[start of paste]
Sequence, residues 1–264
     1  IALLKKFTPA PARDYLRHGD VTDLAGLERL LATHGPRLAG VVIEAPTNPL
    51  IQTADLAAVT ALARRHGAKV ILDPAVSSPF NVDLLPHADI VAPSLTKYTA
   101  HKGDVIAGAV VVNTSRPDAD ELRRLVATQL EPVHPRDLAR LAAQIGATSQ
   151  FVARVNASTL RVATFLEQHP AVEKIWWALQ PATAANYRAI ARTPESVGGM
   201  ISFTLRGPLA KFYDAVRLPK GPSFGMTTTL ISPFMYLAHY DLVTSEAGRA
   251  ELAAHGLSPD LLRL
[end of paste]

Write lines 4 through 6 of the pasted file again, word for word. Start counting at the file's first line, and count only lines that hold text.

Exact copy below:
   101  HKGDVIAGAV VVNTSRPDAD ELRRLVATQL EPVHPRDLAR LAAQIGATSQ
   151  FVARVNASTL RVATFLEQHP AVEKIWWALQ PATAANYRAI ARTPESVGGM
   201  ISFTLRGPLA KFYDAVRLPK GPSFGMTTTL ISPFMYLAHY DLVTSEAGRA